Worker's employment status

What you need to consider to determine a worker's employment status

To determine if a worker is an employee or a self-employed individual, examine the relationship between the worker and the payer by considering the factors included below. This determination will help you with WSIB and payroll accounting.

To help you make a determination, we give an explanation for each factor and show some indicators that the worker may be an employee or a self-employed individual. The importance of each factor depends on the circumstances of each situation. All factors must be considered in the context of the relationship as a whole.

class="sub_title" Control

Control is the ability, authority, or right of a payer to exercise control over a worker concerning the manner in which the work is done and what work will be done.

Degree of control or autonomy

Consider the degree of control held by the payer or the degree of autonomy held by the worker. The actual degree of control will vary with the type of work and the skills of the worker.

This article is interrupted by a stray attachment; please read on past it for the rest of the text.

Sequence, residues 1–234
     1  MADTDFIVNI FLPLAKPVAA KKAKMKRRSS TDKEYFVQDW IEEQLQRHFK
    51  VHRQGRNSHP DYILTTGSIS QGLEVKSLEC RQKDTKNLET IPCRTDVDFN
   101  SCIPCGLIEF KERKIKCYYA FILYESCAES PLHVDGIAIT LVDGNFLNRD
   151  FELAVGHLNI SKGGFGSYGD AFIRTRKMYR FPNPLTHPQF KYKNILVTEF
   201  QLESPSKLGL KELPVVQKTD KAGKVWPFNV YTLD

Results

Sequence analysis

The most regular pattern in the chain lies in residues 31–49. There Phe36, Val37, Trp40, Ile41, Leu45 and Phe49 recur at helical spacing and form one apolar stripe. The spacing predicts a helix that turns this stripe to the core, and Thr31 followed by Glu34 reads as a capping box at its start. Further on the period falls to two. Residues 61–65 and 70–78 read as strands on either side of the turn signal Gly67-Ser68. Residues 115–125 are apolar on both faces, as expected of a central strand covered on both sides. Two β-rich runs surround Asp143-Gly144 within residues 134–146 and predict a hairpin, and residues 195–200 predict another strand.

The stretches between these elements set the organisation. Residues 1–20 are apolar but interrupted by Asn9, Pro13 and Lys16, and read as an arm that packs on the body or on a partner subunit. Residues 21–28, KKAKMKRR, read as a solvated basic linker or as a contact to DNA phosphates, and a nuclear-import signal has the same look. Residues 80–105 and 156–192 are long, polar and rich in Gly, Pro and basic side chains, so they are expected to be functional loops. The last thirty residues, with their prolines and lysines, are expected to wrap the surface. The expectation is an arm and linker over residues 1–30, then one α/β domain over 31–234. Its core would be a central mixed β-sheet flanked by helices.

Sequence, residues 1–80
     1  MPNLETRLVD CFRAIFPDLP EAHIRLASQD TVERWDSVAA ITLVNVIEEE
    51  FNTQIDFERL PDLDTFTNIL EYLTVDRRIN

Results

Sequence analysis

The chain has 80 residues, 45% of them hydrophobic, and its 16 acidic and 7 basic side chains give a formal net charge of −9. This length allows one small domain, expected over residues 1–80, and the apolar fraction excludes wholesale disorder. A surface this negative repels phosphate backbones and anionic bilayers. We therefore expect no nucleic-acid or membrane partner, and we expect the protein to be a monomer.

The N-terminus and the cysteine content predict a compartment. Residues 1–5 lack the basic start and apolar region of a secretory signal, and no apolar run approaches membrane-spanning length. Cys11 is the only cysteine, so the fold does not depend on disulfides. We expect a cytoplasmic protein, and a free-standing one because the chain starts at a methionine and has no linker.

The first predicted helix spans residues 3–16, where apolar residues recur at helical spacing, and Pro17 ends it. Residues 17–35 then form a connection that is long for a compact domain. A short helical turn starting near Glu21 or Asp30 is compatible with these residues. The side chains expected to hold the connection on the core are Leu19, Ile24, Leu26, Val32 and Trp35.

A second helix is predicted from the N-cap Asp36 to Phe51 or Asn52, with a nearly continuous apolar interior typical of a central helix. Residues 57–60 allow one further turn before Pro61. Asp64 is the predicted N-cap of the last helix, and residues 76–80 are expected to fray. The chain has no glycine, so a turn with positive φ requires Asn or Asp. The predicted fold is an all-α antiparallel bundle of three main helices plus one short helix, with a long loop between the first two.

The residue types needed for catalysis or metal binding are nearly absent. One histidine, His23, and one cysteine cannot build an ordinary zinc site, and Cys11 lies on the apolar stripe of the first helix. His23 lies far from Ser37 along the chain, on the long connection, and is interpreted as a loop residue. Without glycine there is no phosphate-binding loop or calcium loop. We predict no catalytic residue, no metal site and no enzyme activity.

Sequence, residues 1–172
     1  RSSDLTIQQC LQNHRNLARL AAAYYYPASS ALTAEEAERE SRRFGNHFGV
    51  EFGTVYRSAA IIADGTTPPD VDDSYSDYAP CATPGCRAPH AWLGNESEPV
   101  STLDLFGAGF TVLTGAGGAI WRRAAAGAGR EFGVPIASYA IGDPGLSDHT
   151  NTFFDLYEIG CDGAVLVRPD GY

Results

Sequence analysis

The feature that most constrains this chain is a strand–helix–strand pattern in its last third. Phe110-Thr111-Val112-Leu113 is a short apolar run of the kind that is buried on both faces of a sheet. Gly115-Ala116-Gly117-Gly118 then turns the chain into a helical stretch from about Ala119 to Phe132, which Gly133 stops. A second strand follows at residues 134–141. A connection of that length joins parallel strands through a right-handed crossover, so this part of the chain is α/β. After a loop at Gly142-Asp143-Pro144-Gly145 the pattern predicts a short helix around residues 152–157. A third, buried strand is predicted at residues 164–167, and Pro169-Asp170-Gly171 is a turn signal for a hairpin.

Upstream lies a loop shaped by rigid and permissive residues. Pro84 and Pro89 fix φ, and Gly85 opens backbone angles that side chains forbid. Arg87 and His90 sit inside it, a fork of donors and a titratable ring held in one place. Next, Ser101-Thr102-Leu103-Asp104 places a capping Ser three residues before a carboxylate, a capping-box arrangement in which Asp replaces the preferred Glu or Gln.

The determination of the degree of control can be difficult when examining the employment of professionals such as engineers, doctors and IT consultants, because of their expertise and specialized training, they may require little or no specific direction in their daily activities.

When examining the factor of control, it is necessary to focus on both the payer's control over the worker's daily activities, and the payer's influence over the worker.

Payer's right to exercise control

It is the right of the payer to exercise control that is relevant, not whether the payer actually exercises this right. It is the control of a payer over a worker that is relevant, and not the control of a payer over the end result of a product or service that he or she has purchased.